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There are a lot of variables but 8995 captures most of them. Download a quality SPL app and test for yourself. Measure all your amps at 20' distance and report back. Tubes, SS, speaker choices, speaker load in ohms and cabinet design all play a role in the final measured loudness.
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A VOX AC30 with the Celestion Alnico Blue speakers is the loudest amp I've played!! It belonged to someone I did some work for. I took my Marshall 6101LM along (all tube 100watt 1x12 combo) & we dimed the pair of them for a laugh. The VOX had the edge, just, but that might be down to the frequency responce rather than actual volume. But considering the AC30 is only 30watts, it was incredibly loud!
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Quote by 757ian123
So I guess its true then, there is a major difference in volume between tube and SS of the same wattage.
This isn't always the case. A Sunn Beta Lead (SS amp from the 70's) is one of the loudest guitar amps I've ever heard, and a damn cool one at that. It'd definitely keep up with a cranked JCM800

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Quote by 757ian123
Thanks guys. Real world experience and stories was basically what I was looking for. So I guess its true then, there is a major difference in volume between tube and SS of the same wattage.

For the most part, this is true. Because the tube amps accentuate the "even" harmonics - which are the ones that the human ear best perceives - they usually "seem" louder than their solid-state counterparts, which usually accentuate the "odd" harmonics. However, once you crank a solid-state amplifier into earthshaking territory, the harmonic accentuation tends to disappear and all harmonics pretty much even out. But all other things being equal, the perceived "loudness" of a tube amplifier is often considerably greater than that of a similarly rated solid-state amplifier.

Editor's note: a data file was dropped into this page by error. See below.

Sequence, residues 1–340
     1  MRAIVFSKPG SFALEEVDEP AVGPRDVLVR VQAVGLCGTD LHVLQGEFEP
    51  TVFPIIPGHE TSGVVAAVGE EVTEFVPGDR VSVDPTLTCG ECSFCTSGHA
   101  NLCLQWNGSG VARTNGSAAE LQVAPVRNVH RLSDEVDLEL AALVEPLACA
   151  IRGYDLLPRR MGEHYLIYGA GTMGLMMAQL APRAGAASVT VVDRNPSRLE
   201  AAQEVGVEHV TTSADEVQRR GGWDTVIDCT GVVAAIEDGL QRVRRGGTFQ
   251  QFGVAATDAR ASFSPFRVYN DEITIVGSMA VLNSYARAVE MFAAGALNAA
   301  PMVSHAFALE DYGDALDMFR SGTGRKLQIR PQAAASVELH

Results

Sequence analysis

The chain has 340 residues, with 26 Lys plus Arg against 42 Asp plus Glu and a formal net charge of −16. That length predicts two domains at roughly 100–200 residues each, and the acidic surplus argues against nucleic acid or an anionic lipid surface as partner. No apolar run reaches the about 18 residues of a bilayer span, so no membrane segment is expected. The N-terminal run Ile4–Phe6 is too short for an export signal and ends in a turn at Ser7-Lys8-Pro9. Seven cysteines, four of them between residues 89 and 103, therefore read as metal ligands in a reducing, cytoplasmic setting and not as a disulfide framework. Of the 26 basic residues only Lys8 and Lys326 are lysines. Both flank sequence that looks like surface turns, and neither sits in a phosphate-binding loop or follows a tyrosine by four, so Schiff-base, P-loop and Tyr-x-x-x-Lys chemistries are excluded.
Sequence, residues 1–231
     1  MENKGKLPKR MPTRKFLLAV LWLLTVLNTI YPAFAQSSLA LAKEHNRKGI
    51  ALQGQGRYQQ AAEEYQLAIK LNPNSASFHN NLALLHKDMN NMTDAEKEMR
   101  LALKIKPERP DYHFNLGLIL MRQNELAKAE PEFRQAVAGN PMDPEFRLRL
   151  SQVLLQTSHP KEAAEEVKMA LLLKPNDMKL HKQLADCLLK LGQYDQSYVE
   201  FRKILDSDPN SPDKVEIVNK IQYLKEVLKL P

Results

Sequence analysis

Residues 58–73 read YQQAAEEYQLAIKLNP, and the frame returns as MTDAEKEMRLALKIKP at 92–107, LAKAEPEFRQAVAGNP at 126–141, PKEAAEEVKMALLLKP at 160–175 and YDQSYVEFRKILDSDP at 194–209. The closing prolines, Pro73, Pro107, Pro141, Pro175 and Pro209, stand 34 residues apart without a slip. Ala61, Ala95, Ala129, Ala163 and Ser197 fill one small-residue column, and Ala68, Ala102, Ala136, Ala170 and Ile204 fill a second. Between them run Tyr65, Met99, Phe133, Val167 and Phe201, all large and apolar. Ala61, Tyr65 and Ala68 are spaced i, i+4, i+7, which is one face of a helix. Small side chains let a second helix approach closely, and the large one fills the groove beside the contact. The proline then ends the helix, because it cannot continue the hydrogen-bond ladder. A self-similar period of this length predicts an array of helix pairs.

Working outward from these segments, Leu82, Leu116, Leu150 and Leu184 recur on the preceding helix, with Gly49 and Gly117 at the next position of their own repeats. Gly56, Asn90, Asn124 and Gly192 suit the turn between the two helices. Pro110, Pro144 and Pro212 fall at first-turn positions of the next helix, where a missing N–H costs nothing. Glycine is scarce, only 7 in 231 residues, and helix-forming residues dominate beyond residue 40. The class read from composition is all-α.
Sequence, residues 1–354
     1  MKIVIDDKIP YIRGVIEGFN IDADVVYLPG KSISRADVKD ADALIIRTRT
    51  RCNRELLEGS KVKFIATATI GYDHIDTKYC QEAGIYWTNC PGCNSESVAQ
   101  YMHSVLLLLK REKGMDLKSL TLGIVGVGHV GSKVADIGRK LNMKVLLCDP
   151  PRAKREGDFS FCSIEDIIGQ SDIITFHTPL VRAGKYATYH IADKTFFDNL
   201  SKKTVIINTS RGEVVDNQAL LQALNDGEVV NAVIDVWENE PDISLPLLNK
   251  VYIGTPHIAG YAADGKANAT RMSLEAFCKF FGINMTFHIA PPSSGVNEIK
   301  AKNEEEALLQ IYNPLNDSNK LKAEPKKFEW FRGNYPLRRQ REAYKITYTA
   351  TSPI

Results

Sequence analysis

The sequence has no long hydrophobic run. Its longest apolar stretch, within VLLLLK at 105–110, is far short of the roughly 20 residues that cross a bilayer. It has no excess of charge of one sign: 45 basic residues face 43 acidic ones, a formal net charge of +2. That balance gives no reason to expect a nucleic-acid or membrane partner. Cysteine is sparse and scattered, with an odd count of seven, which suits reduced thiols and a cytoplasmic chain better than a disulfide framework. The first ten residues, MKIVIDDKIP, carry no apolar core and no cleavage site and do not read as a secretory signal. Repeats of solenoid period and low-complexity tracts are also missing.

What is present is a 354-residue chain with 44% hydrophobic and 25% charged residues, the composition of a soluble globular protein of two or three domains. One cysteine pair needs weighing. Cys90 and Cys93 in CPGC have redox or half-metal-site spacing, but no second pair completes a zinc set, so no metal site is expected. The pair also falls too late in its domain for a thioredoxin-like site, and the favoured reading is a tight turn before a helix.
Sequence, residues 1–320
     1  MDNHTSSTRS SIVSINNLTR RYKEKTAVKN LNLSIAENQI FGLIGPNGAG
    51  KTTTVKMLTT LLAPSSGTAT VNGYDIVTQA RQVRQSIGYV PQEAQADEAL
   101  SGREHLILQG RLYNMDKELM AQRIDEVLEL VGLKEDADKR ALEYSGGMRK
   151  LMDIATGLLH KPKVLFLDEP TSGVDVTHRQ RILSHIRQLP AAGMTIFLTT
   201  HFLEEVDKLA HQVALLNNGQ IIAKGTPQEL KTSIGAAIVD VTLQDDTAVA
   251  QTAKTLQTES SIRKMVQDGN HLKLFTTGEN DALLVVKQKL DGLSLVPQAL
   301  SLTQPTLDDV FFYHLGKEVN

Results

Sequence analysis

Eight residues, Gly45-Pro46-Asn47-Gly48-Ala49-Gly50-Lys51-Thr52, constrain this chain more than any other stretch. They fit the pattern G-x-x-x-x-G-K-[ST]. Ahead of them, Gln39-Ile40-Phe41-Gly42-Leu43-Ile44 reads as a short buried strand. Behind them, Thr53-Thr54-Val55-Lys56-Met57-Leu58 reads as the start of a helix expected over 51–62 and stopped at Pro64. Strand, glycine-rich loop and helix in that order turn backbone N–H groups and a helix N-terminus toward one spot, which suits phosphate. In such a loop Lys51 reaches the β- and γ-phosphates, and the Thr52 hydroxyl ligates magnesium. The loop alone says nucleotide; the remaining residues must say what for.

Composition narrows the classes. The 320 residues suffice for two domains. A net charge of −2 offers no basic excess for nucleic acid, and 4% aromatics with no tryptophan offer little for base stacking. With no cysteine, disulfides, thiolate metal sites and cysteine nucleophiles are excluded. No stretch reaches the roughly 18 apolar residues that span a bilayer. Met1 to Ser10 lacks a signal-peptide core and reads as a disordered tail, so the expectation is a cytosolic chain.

Tube amps can, by virtue of their design, greatly surpass their rated output power. As someone has already stated, a 100-watt RMS tube amp might peak at twice that power rating, but the amplifier cannot sustain that "peak power" level. Some amplifier manufacturers have rated their amps in their product literature according to "peak power," which is disingenuous because the amplifier does not perform constantly at that level.

One of the most important aspects of amplifier "loudness" is the efficiency of the cabinet design and the efficiency of the speakers. The more efficient the setup is; the louder it will be - both real and perceived volume levels. This is why the best speakers cost considerably more than do their less-efficient counterparts. Then there is the question of just how many speakers you are running. Sound is the result of the sound waves moving air. The more speakers you have; the more air you are moving, and the more sound you get.

Finally, you have to take into account the venue where the amplifier is being used. If you are in a place with a lot of materials and constructions that can inhibit the soundwaves (either by blocking them, reflecting them, or absorbing them), then your efficient, high-powered amplifier might seem as if it is not very loud at all. This is why you have to insist on a sound check wherever you are playing. It is the only way to be sure that you and your band will sound your best.